A: Yes. If you are injured while on the job, contact us immediately. You are entitled to Workers Compensation benefits from your employer. If there’s a person partially or fully at fault for your injuries, and that person is not an employee of your company, then you can make a third-party claim against that company. In this scenario, you would be able to receive Workers Compensation benefits in addition to recovering from the company that caused your injuries.
A: Mediation is a way to negotiate a settlement of your injury claim. Both parties agree on a mediator (usually a retired judge or lawyer). The mediator receives all the pertinent case information from each side’s attorney. The mediator then meets with all the people involved at one office location. The parties then exchange settlement amounts and terms. If the settlement amount is acceptable to the negotiating parties, then the case may settle. It is all voluntary, and no one is required to accept any amount.
Arbitration works more like an informal trial. The parties agree on an arbitrator who will decide the case. Most arbitrations are binding and may only be appealed under certain circumstances. The parties present their case to the arbitrator who then awards the injured person a sum of money or decides that the injured person receives no money based upon the facts and laws of the case. Arbitration is usually less costly than trial and resolved more quickly than going to trial.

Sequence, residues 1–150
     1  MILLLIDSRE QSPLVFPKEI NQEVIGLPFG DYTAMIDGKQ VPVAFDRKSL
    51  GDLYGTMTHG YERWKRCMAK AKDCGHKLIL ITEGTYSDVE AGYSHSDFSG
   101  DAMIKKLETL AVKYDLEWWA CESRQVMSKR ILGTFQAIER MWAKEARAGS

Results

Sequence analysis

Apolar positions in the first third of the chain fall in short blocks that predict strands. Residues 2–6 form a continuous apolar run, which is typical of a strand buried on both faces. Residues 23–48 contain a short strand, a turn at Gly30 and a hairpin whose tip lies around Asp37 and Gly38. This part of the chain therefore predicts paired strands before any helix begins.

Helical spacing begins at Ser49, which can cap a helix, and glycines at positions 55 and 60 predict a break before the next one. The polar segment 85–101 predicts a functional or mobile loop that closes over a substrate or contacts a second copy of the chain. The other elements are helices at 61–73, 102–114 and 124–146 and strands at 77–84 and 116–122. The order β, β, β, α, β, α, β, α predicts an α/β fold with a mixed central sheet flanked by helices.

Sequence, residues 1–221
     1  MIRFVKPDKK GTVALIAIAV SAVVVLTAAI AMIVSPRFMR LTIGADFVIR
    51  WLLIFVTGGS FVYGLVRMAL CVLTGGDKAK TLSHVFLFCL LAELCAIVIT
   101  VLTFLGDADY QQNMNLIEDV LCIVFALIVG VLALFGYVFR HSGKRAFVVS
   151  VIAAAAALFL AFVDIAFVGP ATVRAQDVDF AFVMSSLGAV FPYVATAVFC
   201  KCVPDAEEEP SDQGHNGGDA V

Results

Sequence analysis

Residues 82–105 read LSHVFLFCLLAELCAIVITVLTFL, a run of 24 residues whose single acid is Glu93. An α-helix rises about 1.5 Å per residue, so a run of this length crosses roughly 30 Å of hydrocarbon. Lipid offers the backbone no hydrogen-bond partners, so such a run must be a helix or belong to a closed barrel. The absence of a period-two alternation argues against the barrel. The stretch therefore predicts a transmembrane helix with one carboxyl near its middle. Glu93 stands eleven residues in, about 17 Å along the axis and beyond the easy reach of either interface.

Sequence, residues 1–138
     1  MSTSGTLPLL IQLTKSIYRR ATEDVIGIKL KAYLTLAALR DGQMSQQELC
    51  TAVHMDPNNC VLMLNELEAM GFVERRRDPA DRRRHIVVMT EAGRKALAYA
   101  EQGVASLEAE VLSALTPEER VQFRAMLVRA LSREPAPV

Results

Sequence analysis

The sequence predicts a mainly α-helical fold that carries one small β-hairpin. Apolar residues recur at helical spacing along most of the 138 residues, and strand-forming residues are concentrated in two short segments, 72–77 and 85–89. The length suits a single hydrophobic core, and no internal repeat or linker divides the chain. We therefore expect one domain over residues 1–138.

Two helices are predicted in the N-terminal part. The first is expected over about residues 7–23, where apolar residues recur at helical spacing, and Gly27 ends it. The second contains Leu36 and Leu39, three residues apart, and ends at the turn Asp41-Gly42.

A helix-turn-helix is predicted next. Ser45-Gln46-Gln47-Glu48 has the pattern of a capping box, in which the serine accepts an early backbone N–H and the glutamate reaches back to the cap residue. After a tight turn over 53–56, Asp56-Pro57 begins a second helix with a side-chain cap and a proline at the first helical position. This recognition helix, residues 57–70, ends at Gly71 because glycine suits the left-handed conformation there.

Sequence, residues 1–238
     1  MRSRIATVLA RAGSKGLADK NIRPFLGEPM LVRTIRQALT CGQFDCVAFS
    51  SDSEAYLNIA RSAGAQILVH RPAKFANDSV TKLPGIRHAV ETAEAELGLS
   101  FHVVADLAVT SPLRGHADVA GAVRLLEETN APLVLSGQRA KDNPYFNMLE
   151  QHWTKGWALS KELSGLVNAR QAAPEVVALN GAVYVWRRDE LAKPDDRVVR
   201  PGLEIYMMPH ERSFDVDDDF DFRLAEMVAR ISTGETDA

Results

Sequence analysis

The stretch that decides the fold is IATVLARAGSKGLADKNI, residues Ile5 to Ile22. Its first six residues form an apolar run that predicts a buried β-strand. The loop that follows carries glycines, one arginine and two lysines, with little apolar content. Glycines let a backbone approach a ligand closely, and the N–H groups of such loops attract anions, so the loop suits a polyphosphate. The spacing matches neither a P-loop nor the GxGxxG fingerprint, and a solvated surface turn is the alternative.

A: Unfortunately, it may take months or years to receive a settlement or award from the responsible party. Until then, without health insurance, you are stuck with the bills. This can cause a great deal of stress, affect your credit score, and even lead to bankruptcy.